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Ep. 117 South Africa After the Rainbow

When Professor Anne-Maria Makhulu returned to South Africa to start her research in the late 1990s, the South African Truth & Reconciliation Commission was just beginning to start its work. She says that while the newly established transparency was important for understanding the workings of the government during apartheid, the commission’s function was largely symbolic.

“It concretely didn’t address the needs of the vast majority of South Africans who had suffered forms of systemic and structural violence, not the kind of violence that a human rights framework would address.” In her research as a cultural anthropologist, Makhulu seeks to untangle the racial and class disparities that still exist in South Africa despite the transition to a Black-majority, democratic government.

Anne-Maria Makhulu is an associate professor of Cultural Anthropology and African & African American Studies at Duke University. She is also core faculty in Innovation & Entrepreneurship and has an appointment in the department of Gender, Sexuality, & Feminist Studies. In her first book, Making Freedom: Apartheid, Squatter Politics, and the Struggle for Home, Makhulu explores illegal settlements and squatting practices outside of Cape Town just after the end of apartheid. She is currently working on another book called South Africa After the Rainbow: Aspiration, Ambition, and Social Mobility.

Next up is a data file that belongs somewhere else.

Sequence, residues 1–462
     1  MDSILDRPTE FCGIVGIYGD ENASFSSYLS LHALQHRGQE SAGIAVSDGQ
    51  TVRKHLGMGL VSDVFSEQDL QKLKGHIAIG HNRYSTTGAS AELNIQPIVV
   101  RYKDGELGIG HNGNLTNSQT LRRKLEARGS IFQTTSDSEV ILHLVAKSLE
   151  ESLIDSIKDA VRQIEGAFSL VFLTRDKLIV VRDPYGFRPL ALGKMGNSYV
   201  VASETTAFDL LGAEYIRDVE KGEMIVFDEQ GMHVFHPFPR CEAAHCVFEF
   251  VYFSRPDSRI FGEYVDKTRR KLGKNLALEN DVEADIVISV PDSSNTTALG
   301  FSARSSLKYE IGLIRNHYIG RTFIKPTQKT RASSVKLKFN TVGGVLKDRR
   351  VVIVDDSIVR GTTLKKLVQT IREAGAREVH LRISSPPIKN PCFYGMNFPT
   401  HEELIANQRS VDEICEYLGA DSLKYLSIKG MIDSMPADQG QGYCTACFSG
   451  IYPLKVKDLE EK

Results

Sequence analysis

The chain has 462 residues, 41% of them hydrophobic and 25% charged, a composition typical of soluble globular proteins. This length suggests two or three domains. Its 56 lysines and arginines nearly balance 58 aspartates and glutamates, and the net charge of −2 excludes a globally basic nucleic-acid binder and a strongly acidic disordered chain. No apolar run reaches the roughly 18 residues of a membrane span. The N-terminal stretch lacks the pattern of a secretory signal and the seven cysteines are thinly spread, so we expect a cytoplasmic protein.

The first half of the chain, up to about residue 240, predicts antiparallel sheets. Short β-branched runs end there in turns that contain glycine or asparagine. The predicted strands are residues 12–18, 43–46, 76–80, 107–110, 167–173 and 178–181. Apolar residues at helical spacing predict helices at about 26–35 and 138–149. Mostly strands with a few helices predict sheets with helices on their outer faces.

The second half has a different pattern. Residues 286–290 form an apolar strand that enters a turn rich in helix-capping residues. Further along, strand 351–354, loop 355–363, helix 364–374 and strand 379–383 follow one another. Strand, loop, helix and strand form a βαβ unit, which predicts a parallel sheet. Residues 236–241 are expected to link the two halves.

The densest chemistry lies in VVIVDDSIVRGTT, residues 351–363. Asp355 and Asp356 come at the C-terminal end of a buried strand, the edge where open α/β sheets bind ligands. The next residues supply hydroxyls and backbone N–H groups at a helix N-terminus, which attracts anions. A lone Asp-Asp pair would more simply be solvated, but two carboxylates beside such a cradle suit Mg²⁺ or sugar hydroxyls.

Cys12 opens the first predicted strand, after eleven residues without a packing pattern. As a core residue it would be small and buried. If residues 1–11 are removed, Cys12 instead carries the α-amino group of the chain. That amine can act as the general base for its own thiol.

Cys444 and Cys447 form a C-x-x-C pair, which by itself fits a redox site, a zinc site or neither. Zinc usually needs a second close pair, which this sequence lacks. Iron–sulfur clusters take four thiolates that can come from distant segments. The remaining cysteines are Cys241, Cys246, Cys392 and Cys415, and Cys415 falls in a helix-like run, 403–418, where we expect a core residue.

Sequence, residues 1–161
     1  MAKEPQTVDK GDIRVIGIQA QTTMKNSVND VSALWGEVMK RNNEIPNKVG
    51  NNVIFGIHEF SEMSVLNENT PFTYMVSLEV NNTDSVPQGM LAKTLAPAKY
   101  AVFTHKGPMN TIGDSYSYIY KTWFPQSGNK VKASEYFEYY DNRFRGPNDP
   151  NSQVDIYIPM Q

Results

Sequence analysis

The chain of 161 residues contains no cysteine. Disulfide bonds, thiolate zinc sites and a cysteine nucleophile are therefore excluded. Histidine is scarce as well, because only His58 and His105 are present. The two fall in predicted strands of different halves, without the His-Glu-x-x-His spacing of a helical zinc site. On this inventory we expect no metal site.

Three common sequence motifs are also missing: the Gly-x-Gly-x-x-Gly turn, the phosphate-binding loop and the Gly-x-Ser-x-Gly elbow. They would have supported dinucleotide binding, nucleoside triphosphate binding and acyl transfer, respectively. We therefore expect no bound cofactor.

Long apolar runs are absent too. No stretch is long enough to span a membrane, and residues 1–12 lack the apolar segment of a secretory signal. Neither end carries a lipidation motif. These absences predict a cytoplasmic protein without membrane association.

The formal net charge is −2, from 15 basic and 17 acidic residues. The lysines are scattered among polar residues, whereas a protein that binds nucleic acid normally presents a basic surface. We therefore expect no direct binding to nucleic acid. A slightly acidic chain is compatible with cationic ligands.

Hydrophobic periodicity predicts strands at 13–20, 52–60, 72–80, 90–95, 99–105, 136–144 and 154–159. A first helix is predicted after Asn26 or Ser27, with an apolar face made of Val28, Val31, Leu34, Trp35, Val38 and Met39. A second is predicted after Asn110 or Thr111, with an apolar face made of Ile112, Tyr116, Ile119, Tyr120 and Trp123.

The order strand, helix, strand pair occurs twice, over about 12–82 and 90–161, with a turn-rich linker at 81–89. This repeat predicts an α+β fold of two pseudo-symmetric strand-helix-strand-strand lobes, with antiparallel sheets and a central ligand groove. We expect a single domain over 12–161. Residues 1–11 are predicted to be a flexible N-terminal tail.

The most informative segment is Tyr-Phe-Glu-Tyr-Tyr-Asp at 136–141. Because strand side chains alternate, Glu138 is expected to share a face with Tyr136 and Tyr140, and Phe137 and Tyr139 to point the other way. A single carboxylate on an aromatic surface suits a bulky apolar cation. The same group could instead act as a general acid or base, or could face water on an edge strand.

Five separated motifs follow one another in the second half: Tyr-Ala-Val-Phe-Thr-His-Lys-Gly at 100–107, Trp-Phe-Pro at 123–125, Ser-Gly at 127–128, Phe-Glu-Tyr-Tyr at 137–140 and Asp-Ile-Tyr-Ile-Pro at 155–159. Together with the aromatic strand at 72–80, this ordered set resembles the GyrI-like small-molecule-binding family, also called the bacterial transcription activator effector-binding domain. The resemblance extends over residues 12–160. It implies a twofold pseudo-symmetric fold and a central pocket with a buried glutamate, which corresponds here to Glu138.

“The reference to the rainbow is in fact a reference to Archbishop Desmund Tutu,” she points out in the interview. In the early days of the Truth & Reconciliation Commission, Tutu coined the phrase, “The Rainbow Nation.” Makhulu says that the idea of the “Rainbow Nation” and the new multicolored flag adopted by South Africa is, “supposed to represent the multiplicity of complexions and hues and national origins and languages and ethnic profiles…It’s really a way of saying we are all these things, and we’re not going to be exclusionary in the way that the apartheid government was exclusionary.”

However, 26 years after the end of apartheid, that idea of the “Rainbow Nation” hasn’t come to full fruition. “It goes back to this problem of a Black-majority country in which the vast majority of Black people are agonizingly poor. And why is that?” Makhulu asks. In answering this question, she focuses on the logic of capitalism, which needs these racial distinctions, she argues.

“All capitalism is actually racial capitalism…The South African economy functions by that logic. The US economy functions by that logic. Where effectively—in one way shape or form—Black people are either superexploited or, once made redundant or obsolete to the system, really suffer the consequence of being utterly sidelined and marginalized.”

Professor Makhulu joins Dean Judith Kelley on this episode of Policy 360 to compare the current racial and socioeconomic disparities of South Africa with the disparities that have been made increasingly apparent over the past decade in the United States. The scholars discuss the countries’ similarities and differences with regards to the coronavirus response, responses to police violence, movements for racial equity, and more. Makhulu says that one lesson to be learned from this comparison is that “the intractable problems that South Africa confronts are in fact the same intractable problems that the United States confronts. And there has to be a conversation about the infrastructure of racism,” which, she says, is economic.

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